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This story is a joke on me. Mission: bomb airfield somewhere in the Hamburg-Bremen area. Weather: clear, high clouds. Bombing altitude: one of the lowest we ever flew-twelve thousand feet.

On this particular mission, I had a bombardier, and therefore, I had the duty of helping him locate the proper target for bombing. The trip to the initial point was uneventful. The only thing that was unusual was that we were low – twelve thousand feet. Our usual bombing altitude was from twenty-five thousand feet.

We hit the initial point and turned in on the target course. I was lying down on the right-hand side of bombardier, helping him pick up the target. Just before we got to the target, I looked down to my left at what we would call 11:00 o’clock - the nose of the airplane is 12:00 o’clock. Down and low at 11:00 o’clock I saw an airplane, which was unusual! Calling the pilot, I asked him if we were having P-38 fighters strafing ahead of us this day. He replied that he didn’t know. I called his attention to the airplane below us. He said he would watch it.

About the time that the bombs went away, I noticed all of these tracer bullets coming from my left across my nose to the right. Strange! I looked around to the right and very close, to my plane, was this Messerschmitt 262 jet. When I say that it was close, I mean that I could see the pilot looking at me. Somebody back in the back of my plane said, “Hey look at that airplane! It doesn’t have any propellers.” It sure didn’t, but it had a big black cross and a big black swastika on the tail. As quick as I could, I reached over and grabbed my fifty-caliber, machine gun. I put the sight on his tail, hit that trigger-nothing happened! I had forgotten...to load...the gun! About this time, all of the guns in our squadron opened up on him. They were knocking big pieces off of the plane. They shot his plastic bubble off. The last time I saw him, there was just this head sticking up in the wind. He rolled over to the right and went down. The men in the back of my plane said that he went into the ground.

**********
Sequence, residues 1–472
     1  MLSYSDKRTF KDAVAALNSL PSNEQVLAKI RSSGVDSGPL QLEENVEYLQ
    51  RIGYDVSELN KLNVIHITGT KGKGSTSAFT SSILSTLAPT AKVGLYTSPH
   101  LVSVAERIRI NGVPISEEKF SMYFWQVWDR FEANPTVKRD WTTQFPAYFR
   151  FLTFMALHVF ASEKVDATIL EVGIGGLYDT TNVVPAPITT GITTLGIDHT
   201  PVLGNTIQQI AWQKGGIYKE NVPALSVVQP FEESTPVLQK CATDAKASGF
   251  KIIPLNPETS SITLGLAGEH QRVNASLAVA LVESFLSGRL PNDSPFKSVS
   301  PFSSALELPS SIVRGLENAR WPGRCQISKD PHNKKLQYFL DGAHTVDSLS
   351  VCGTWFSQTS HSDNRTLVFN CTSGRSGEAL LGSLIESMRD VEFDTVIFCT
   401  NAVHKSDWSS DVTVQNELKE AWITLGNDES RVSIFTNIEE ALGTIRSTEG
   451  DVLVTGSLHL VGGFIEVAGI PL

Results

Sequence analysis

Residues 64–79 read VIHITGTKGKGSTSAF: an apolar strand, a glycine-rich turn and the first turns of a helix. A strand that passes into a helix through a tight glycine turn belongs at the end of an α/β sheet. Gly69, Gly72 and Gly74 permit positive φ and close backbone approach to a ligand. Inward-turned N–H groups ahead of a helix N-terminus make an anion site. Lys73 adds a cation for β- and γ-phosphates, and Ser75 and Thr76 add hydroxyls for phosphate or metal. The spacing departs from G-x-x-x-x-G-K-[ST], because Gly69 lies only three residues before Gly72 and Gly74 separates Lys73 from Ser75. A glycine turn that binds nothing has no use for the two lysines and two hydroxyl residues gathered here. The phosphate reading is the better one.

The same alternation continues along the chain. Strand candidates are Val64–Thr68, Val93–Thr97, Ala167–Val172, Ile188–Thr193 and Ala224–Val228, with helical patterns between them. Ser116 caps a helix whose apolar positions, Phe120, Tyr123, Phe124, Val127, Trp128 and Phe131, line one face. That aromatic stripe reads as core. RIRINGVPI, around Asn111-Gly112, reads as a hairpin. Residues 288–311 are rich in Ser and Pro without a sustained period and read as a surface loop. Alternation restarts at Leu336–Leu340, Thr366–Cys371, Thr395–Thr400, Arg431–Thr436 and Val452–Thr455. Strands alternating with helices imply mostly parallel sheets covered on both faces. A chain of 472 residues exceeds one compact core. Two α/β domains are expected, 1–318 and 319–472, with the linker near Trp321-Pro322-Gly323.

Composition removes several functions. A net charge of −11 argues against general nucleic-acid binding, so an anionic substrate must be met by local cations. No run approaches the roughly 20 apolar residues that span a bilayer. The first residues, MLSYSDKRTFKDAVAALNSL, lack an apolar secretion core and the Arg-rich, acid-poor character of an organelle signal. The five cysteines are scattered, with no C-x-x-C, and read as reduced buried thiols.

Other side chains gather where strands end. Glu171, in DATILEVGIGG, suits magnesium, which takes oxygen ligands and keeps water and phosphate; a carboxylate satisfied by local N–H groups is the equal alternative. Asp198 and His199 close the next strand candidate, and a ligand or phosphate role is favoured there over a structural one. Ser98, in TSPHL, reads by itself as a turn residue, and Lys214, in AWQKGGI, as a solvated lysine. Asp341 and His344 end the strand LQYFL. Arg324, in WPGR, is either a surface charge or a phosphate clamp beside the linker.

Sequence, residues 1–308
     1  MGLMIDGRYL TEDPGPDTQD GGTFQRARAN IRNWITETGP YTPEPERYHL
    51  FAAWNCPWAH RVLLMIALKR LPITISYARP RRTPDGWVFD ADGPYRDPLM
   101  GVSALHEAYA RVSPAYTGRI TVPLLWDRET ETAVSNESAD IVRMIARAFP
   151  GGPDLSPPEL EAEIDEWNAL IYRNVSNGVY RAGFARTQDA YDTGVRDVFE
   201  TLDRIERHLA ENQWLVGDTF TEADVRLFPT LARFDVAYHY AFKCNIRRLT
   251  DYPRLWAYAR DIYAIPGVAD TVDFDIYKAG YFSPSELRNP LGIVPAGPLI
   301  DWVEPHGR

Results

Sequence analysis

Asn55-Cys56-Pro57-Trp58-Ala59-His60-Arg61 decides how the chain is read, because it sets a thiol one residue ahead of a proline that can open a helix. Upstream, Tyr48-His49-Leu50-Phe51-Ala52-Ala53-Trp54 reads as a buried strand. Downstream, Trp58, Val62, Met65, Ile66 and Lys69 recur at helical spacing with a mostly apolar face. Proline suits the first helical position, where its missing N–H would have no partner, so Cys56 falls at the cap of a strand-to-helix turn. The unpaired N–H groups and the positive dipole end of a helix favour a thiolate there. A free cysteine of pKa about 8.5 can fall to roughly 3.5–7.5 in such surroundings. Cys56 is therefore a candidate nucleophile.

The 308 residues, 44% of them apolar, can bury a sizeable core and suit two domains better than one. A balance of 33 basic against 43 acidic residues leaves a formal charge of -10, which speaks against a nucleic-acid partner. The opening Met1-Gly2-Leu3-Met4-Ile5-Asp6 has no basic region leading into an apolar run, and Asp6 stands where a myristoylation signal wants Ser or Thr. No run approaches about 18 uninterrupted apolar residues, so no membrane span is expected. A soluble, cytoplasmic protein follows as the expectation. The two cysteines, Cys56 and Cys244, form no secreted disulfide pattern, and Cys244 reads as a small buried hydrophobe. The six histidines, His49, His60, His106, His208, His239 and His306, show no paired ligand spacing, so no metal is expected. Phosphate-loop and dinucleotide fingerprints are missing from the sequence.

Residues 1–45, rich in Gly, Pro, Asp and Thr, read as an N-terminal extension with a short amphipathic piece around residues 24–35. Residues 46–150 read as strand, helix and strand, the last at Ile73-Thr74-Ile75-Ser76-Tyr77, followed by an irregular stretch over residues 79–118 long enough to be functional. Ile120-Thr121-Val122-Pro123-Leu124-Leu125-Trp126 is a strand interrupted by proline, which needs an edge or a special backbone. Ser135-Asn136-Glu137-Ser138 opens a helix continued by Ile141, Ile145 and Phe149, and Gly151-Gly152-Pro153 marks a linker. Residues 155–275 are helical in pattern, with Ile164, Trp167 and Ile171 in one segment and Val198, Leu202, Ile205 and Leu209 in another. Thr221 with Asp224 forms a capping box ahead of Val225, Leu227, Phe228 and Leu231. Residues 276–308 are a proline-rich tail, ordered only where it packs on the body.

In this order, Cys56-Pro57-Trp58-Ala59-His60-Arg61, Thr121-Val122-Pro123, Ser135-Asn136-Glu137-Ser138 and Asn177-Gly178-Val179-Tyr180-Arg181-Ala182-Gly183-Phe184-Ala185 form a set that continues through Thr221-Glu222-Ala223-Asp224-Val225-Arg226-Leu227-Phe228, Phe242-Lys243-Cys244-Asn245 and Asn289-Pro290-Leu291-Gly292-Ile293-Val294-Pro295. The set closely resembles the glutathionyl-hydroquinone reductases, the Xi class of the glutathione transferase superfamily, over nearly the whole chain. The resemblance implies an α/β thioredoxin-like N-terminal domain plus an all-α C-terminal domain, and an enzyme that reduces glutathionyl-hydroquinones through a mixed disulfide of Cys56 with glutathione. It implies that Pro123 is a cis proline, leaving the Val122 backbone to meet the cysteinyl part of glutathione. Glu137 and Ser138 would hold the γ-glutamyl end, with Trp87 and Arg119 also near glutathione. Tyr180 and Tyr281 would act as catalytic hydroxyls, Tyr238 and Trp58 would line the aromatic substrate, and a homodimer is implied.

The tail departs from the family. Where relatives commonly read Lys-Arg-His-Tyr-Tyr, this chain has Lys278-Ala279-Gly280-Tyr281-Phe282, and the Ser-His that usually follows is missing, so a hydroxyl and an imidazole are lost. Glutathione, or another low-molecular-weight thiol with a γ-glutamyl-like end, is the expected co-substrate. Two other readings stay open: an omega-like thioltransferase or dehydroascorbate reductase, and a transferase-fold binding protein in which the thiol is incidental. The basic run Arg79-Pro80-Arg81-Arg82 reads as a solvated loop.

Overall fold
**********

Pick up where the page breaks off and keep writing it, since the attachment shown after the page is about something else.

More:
NOTE: Tracer bullets have a compound that is applied to the base of the bullet. When the bullet is fired, the heat of the explosion ignites this compound, causing it to burn or glow. Normally, a bullet in flight cannot be seen, but with this light on the base of the bullet, it can be seen for a long distance.

We had been told that the Germans had several surprises awaiting us. They never told us exactly what they were, but we assumed that it was going to be an unusual plane. Nobody had seen these planes before and we were not prepared for what we saw. I’m not saying that we were the first that ever got jumped by a jet, but this was the first attack against the 305th bomb group to my knowledge.

We saw these jets on several occasions after this. They never attacked in groups. It was mostly single ship attacks. It appears that they did not have a very long range and could not stay aloft very long. Our fighters could not catch them. They could box them in until they ran out of gas, then maybe shoot them down as they were landing.

One afternoon we were coming out of Germany and up on my left were three P-51 Mustang fighters with blue noses. We were at twenty-five thousand feet and they must have been up around thirty thousand feet. We were coming back west and this Messerschmitt-262 jet made a head-on pass at us. He didn’t injure my plane. I don’t know whether anybody else got hurt or not, but he didn’t injure us. About the time he got within gun range of us, these P- 51's up on my left peeled off and were coming straight down, just like you’d take their tail and drop them. This jet had made the attack, had gone clear around our formation and had almost disappeared out of sight to our right, before the first P-51 cleared our nose. That will give you an idea of their speed. It was a very unusual airplane and I’m sure that if the Germans had developed that aircraft many years earlier, they would have almost devastated our bomber formations.

As I say, you never know what you’re going to see.